With her horse, Joe, next to her, Melonie Rainey, of White Birch Farm on the Tulalip Indian Reservation, talks Monday about her participation in the Conservation District’s horse manure spreading program. The program helps horse owners keep manure under control, turn it into fertilizer and use it on their pastures. (Andy Bronson / The Herald)

With her horse, Joe, next to her, Melonie Rainey, of White Birch Farm on the Tulalip Indian Reservation, talks Monday about her participation in the Conservation District’s horse manure spreading program. The program helps horse owners keep manure under control, turn it into fertilizer and use it on their pastures. (Andy Bronson / The Herald)

Saving streams from the manure of more than 3,000 horses

A new program addresses one of Snohomish County’s biggest water-quality concerns.

TULALIP — At her farm Monday, Melonie Rainey dug her gloved hands into a six-month-old pile of manure on one of her pastures on the north end of the Tulalip Indian Reservation. Her dig revealed rich, black compost.

“Isn’t that gorgeous?” she said.

The pile is part of the system Rainey developed through a Snohomish Conservation District program that helps horse owners manage manure. The initiative aims to reduce river and stream pollution by diminishing runoff from horse waste.

It gained 10 new converts last year, bringing participation to 42 people, and the conservation district hopes to attract more.

Snohomish County enjoys an active equestrian community, with over 3,000 horses and ponies calling this area home. As each grass guzzler generates about 50 pounds of manure daily, equines can produce one cubic foot of waste per day.

Keeping manure under control is one of the biggest environmental needs in the county, said Michael Hipp, a farm planner and equine specialist with the conservation district.

The chemicals in horse waste can be fantastic plant food if applied to soil, but are damaging if they enter ground or surface water, Hipp said.

“Much like oil is good in your engine but bad if it enters the stream,” he said.

Through the district’s “manure spreader” program, Hipp shows property owners how to turn horse waste into fertilizer through composting and to use one of the district’s two manure spreaders — a trailer that distributes compost evenly over pastures.

For most horse owners, Hipp said the first instinct is to pile horse waste near a ditch or in a corner. But that concentrates chemicals, which rain washes into nearby streams and rivers.

“You can’t really blame people,” Hipp said. “Manure is a natural thing. It seems logical to dump it out in nature.”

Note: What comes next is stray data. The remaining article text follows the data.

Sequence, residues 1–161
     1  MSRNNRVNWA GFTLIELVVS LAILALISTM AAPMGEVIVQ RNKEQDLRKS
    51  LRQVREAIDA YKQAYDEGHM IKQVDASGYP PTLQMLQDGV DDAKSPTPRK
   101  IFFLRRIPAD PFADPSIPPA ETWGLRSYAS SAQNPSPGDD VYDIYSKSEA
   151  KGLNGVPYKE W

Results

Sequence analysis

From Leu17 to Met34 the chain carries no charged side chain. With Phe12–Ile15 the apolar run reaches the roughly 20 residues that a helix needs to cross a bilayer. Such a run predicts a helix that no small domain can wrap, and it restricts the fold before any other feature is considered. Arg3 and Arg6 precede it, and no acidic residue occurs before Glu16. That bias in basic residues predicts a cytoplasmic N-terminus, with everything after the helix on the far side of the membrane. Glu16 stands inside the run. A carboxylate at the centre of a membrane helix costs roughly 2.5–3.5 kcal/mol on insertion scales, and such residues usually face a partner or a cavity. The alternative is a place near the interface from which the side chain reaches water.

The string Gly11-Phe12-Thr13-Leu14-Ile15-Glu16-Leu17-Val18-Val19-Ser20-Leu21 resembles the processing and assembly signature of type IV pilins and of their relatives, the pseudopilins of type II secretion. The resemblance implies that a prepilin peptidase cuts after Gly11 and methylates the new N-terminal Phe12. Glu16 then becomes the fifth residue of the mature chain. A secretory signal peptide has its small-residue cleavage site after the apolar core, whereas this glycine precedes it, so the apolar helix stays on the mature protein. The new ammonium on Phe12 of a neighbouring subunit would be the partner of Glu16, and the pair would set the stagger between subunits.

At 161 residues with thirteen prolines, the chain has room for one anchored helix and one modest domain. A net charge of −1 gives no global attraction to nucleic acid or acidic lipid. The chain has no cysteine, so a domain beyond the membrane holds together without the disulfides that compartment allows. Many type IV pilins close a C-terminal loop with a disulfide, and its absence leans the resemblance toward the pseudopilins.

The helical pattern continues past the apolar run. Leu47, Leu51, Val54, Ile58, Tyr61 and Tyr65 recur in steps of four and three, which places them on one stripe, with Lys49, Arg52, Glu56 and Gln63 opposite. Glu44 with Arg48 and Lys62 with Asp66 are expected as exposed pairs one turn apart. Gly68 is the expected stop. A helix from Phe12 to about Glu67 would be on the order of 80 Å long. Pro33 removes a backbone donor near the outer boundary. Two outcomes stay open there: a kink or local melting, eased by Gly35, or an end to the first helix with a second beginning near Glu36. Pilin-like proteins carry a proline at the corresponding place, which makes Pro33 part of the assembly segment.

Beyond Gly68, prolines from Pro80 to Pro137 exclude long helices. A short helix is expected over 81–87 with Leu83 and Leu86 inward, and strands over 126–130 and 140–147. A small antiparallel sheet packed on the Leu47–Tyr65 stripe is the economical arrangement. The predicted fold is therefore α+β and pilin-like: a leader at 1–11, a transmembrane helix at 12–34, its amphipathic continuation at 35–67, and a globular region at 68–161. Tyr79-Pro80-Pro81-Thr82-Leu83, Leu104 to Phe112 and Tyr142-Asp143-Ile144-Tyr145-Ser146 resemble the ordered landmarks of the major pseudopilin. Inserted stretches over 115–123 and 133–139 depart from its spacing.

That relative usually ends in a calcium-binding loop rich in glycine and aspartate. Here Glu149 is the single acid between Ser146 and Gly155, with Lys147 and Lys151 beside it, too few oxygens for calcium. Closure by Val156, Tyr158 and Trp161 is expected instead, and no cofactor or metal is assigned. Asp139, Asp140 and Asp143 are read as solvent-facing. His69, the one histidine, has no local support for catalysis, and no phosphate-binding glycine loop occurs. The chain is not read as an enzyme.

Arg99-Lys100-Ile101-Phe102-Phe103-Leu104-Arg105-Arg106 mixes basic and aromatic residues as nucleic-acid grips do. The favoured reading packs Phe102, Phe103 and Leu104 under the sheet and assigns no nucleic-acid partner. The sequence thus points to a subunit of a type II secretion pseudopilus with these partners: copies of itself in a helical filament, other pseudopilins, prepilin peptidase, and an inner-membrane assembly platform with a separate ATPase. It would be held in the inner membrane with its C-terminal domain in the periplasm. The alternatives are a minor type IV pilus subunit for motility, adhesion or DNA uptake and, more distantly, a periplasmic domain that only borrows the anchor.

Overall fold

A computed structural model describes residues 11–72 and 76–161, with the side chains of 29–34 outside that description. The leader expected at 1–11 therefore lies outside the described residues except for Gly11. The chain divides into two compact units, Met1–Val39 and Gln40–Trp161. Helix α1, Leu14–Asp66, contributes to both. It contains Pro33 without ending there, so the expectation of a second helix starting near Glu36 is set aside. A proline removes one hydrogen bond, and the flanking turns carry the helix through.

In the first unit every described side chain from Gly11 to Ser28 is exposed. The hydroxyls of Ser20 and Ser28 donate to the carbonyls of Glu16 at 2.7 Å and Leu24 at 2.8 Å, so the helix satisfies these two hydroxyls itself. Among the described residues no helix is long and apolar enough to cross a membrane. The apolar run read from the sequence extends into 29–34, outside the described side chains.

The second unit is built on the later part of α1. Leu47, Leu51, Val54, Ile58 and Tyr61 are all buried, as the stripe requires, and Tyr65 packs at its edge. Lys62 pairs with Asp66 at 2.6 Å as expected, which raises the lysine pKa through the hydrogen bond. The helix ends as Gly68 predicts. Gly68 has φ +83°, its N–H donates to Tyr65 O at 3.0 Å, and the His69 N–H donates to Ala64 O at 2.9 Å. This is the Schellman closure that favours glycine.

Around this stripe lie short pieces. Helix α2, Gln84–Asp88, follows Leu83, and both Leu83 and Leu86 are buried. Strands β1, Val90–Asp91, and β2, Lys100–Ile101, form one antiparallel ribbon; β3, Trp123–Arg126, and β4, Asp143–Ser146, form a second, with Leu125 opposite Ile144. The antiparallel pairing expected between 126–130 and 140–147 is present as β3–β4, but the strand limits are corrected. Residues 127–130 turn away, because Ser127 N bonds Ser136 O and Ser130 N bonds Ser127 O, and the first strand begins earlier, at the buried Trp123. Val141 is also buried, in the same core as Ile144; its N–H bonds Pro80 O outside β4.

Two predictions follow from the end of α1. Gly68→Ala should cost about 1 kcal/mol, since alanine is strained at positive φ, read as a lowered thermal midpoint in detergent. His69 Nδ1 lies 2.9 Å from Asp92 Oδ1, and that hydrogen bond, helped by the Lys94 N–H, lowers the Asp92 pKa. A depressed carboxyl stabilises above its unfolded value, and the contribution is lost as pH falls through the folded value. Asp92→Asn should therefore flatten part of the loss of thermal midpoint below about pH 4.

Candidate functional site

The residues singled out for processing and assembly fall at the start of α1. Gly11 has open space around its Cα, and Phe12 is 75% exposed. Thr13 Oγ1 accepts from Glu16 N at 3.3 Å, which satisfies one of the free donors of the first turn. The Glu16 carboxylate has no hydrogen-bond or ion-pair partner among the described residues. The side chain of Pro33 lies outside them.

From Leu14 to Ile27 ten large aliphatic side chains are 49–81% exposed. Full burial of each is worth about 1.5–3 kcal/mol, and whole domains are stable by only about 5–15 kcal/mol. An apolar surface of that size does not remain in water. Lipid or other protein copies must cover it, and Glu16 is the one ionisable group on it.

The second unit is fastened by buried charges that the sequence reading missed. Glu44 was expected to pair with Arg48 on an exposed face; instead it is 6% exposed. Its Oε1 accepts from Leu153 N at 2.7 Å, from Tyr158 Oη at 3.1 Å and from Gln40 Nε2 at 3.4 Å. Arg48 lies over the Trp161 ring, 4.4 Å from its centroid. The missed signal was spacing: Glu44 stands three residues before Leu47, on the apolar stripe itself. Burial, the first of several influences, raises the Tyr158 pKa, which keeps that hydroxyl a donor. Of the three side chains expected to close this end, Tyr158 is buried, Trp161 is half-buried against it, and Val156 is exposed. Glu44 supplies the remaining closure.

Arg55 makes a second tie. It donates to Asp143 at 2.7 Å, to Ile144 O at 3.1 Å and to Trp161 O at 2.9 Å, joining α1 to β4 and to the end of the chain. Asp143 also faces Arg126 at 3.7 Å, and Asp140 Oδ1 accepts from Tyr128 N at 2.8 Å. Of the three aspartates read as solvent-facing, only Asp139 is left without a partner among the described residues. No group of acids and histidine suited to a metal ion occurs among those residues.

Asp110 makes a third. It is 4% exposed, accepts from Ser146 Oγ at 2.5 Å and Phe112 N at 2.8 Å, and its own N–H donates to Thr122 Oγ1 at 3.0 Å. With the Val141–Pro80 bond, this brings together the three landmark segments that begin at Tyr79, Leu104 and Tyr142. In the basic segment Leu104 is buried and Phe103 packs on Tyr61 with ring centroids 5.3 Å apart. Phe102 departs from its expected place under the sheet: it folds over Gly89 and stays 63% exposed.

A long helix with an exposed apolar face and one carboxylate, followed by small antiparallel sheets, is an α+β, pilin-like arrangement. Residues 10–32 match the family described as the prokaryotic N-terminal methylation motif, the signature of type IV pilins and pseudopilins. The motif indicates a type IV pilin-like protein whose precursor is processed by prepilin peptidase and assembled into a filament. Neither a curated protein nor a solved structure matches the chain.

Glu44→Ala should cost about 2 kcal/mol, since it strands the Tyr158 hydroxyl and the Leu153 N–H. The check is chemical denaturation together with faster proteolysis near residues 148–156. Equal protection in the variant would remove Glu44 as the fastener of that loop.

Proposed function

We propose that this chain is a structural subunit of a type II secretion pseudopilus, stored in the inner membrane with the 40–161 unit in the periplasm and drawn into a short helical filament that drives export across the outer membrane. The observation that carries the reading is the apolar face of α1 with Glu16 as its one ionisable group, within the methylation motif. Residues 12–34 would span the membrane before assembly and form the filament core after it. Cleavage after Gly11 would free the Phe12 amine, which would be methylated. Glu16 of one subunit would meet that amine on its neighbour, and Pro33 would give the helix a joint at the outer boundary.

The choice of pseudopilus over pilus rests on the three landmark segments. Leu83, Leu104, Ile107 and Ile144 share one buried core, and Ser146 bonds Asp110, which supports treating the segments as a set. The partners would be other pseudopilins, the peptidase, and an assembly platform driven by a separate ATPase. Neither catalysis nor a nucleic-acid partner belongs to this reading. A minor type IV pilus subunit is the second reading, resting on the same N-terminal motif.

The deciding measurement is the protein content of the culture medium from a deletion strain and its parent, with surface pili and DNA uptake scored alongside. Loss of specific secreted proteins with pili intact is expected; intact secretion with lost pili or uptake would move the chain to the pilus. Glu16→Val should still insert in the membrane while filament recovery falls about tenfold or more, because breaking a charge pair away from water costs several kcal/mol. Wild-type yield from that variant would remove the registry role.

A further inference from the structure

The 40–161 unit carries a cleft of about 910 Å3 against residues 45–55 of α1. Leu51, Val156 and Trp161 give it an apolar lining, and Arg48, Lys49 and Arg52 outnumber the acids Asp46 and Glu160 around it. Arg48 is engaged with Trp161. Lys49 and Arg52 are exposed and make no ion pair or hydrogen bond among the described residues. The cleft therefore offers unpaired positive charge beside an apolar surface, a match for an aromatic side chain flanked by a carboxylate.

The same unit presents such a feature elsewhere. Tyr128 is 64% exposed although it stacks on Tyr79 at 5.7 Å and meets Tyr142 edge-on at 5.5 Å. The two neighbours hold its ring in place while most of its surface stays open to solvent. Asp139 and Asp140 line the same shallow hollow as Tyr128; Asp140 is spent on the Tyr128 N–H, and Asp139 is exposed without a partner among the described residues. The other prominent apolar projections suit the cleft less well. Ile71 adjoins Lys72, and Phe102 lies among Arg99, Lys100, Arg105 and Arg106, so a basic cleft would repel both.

Composting balances and alters the chemicals in manure, Hipp said, so it’s less damaging to surrounding water. Spreading that compost on pastures also helps the soil absorb rain, preventing erosion and runoff.

In the first step of the program, Hipp tests a property owner’s soil to determine if it is healthy enough to absorb the large dose of nutrients manure provides. He then shows them how to properly compost manure by covering the pile and providing air flow. Beginning in late April and ending in mid October, participants can rent the two manure spreaders.

The method improves ground conditions and provides soil and grass with nutrients — which are then passed on to grazing horses, Hipp said.

Rainey’s palomino-colored horse Joe and one of her barn’s equine residents, a chestnut named Ned, enjoyed one of the program’s benefits on a chilly, sunny morning earlier this week — plentiful green grass.

Two years since beginning the program, Rainey said her pastures stay green and relatively mud-free throughout Western Washington’s soggy winter.

Rainey runs a horse-boarding business, with up to 15 horses at a time on her 11-acre property.

“I’ve had so much grass to the point I might have to be careful how long I leave the horses out on it,” she said.

The animals can become ill from eating too much grass.

Rainey puts her herd out to pasture every day, even after spreading her compost.

It disappears into the ground within a week, she said, and the horses aren’t bothered.

But Rainey wasn’t always a poop-spreading pro.

“When I have a full barn, I literally get a mountain of manure,” Rainey said.

Before learning the conservation district’s method, she said she was running out of options.

Paying someone to haul it out isn’t an expense everyone in the horse-boarding business can afford, she said.

“The county kind of saved me, quite frankly,” she said.

The manure spreader program is part of the district’s larger effort to clean up the county’s surface water, Hipp said.

Several of Snohomish County’s streams and rivers exceed state limits for fecal coliform bacteria, he said.

About five years ago, the county department in charge of monitoring surface water determined a large number of manure piles could be contributing to poor water quality. The conservation district, a tax-supported agency, created the manure spreader program to help address that problem, Hipp said.

With limited equipment and staff, Hipp said he can schedule about 50 participants each year.

The soil test is free, and property owners who sign up can rent one of the spreaders for one week for $70.

When considering the cost of purchasing her own equipment, Rainey said the rental fee is outweighed by the program’s benefits.

“It’s a screaming good deal,” she said.

Julia-Grace Sanders: 425-339-3439. jgsanders@heraldnet.com.

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